(Margaret Jackson) #3

I made my comment about not having heard of your shop to indicate that perhaps more promotion on your part might help. Incidentally, you won’t have heard of my shop, I don’t have one, I’m a buyer not a seller, but I can only buy from shops who promote so I know they are there. I don’t do searches, I very often buy items I didn’t know I wanted, because I’ve seen the shops promotions. I think all of the comments made were a genuine attempt to be helpful in assisting you to drive more visitors to your shop, which was the whole point of your post.

(Christine Shephard) #4

Perhaps if your original post had stated that you were a highly successful seller elsewhere, already knew everything, and had no need of advice from anyone, we could all have saved our valuable time and not given it.

In fact, all you wanted to hear was confirmation that your lack of sales was someone else’s fault - hey ho.
Condescending and rude? No comment.

(Sara Leigh Thornton) #5

Hmmm…to give advice or not? Don;t want to appear rude or condescending :wink:

I’ve never seen your shop before, but then I know what I want to look for on here and I know how to find what I want to buy.

I wouldn’t say I get huge numbers of visitors on my shop - some days it’s less than 10. However, I’ve had over 650 sales since I opened. That’s due to me working damned hard to make sure people who would be interested in my shop find me on here. I don’t sit back and let Folksy do the promoting - that’s my job, not theirs, they just rent me shop space.

I will also point out that I have very few sales on Etsy…why? Because I don’t promote much for that shop. I could if I wanted to to, but prefer supporting a British craft outlet.

Visitor numbers are always lower in August - they pick up again in September. Sales are only slow for some people, not all. Perhaps instead of sending time moaning you could think some positive thoughts about Folksy and your shop? I always find a little positivity goes a lot further than a dose of negativity :wink:

(Marg) #6

With regard to Folksy promotion. In July issue of Saga magazine there was an article about selling on Et… But at the bottom of the article was a reference to (I suppose in the theme of “other on-line sites are available”). For Folksy to be mentioned in Saga is a boost as it’s a known fact that there are many over 50 year olds who have great spending power. I know this is not really related much to your topic but thought I should just mention it. Marg. x

(Eileens Craft Studio) #7

Well I’m very sorry if my constructed critique was unwelcome but it was neither rude nor condescending it was supposed to be helpful.

I will not offer any other assistance as I feel it would not be well received.

I now feel I’d rather had not bothered to take the time to try and help or taken the time to promote a couple of your items.


(Liz Clark) #8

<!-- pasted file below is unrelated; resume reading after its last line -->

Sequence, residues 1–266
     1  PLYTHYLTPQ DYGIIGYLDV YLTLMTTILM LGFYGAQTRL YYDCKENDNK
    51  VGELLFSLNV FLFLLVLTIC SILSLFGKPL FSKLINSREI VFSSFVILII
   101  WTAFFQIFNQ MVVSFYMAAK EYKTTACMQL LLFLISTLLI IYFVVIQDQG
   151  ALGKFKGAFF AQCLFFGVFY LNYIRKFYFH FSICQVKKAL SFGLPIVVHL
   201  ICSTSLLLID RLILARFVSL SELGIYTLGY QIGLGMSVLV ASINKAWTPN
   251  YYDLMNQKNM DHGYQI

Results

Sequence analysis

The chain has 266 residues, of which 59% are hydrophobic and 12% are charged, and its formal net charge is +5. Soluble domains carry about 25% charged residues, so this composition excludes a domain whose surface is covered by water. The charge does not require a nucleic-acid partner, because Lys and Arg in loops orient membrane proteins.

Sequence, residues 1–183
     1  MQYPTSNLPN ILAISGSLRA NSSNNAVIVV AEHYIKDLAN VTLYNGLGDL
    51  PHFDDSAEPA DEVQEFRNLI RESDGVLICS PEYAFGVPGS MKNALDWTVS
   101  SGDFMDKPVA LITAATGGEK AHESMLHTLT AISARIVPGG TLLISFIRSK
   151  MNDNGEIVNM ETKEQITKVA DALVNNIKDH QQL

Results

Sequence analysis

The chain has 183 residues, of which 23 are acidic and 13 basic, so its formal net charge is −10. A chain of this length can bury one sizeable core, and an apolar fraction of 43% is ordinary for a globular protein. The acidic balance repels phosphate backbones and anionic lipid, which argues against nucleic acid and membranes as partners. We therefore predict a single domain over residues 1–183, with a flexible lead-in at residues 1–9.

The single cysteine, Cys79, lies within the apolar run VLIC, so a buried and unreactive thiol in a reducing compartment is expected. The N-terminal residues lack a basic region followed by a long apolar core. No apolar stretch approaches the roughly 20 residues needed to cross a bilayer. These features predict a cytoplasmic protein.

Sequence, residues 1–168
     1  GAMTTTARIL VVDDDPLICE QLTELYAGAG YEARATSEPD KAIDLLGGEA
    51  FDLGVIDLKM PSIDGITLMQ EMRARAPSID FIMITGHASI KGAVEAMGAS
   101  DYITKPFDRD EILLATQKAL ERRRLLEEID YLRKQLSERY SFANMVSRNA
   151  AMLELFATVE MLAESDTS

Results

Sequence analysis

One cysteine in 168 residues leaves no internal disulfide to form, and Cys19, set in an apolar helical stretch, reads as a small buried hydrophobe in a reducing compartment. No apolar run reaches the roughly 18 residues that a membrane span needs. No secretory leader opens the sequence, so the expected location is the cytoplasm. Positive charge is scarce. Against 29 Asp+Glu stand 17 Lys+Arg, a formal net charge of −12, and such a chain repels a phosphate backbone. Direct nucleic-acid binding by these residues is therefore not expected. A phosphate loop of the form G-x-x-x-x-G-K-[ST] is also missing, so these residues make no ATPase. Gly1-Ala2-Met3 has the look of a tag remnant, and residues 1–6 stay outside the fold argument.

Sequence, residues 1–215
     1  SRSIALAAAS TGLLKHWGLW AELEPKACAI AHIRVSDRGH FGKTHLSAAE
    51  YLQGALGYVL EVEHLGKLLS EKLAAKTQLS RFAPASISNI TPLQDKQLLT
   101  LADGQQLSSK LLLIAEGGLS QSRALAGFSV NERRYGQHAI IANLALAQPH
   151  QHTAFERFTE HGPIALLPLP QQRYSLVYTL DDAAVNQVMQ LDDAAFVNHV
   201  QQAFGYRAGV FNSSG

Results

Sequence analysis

OK, whilst I see where you are coming from (I think!) I also feel you have been a little harsh where people gave advice to help you. I think that should be appreciated even if it wasn’t what you wanted to achieve by your post.

Do I wish Folksy had more presence like the other more well known selling sites? A big fat yes because it would draw more people to the site. I’d far rather people made Folksy their first port of call when buying handmade quality goods online and I suspect Folksy themselves would too. Whatever the reasons are, Folksy are where they are, doing what they do, and the other selling sites are available as selling platforms to us too. As a business we make a choice on which platform works best for us.

I’ve been on Folksy 6mths and sold two items. I promote on FB, Twitter and Pinterest. Folksy have also promoted me by retweeting my items occasionally when I tweet them and other well known business have also retweeted my items. I’ve also been on the smorgasbord and the Pinterest section. But I have a feeling many of my target customers prefer spending the money I’m asking of them in a bricks and mortar shop, in that they want to see the item before they commit to a purchase. Therefore I’ve come to the conclusion that this is probably where I need to next focus my efforts. I can then build my brand and when people recognise that, they’ll have more confidence to buy from me online because they’ll know what they’re getting. Brands build trust.

Could this be the same for you, that your target customers don’t shop a great deal online or don’t know your brand? Although I note you’ve said you sell well elsewhere, but is this where people have been able to view your items in the flesh so to speak previously and then bought online?

How do those buying from you online elsewhere find you? Have they used Google and they are coming to you cold so to speak? Or have they been directed to your other site, but not Folksy?

(Angrycatcrochet) #9

@BigBirdLittleBird I think that’s a really good insight. Although we are all selling on the same platform we are aiming our stuff at very different markets, so what works for one may not work for another. Of course there are general tips and tricks but we are selling individual, unique items, our shops should be the same- unique to us as crafters :wink:

I can also see where you are coming from Steven, it can be a little disappointing to make the leap to selling online, then not get sales. It would be great to see more advertisement for Folksy but until then I’ll keep plugging away at fb and the like! I think the best bet is to take the advice that you feel is worth pursuing for your particular business and leave the rest.

(Marg) #10

Eileen @EileensCraftStudio, you have given me good advice in the past when I was starting up, so please continue. In this life there are always people who don’t say thank you or ignore you when you greet them.

Steven, you haven’t even filled in the section in your shop “meet the maker”, when I am considering buying I always look at that section, so you are not giving yourself the best chance. Fill it in a.s.a.p.
If I visited say a garden centre I would expect to see a display of the wooden items that you sell. I don’t know whether there are any in your area, but I know some in the midlands where an area of the retail section is leased to individuals to sell their products, with a commission to the garden centre.
I am not trying to tell my grandmother how to suck eggs, just an observation.
The more experienced sellers on here give their advice for free and with the best intentions. If someone asks a direct question they will get an answer, but don’t shoot the messenger because you don’t like the message. Marg. x

(Eileens Craft Studio) #11

Thank you Marg @memicrafts it’s good to know I helped a fellow Folksyisian. I try to be helpful were I can.

People on Folksy have been so kind in their willingness to offer advice and help when I’ve needed it, I just think it’s a good and nice thing to pass it on.